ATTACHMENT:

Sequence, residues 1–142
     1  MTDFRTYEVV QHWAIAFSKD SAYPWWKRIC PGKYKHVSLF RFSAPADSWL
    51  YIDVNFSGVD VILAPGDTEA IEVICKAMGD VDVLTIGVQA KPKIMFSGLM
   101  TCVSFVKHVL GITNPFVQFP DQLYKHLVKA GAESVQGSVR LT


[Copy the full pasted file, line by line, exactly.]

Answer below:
Sequence, residues 1–142
     1  MTDFRTYEVV QHWAIAFSKD SAYPWWKRIC PGKYKHVSLF RFSAPADSWL
    51  YIDVNFSGVD VILAPGDTEA IEVICKAMGD VDVLTIGVQA KPKIMFSGLM
   101  TCVSFVKHVL GITNPFVQFP DQLYKHLVKA GAESVQGSVR LT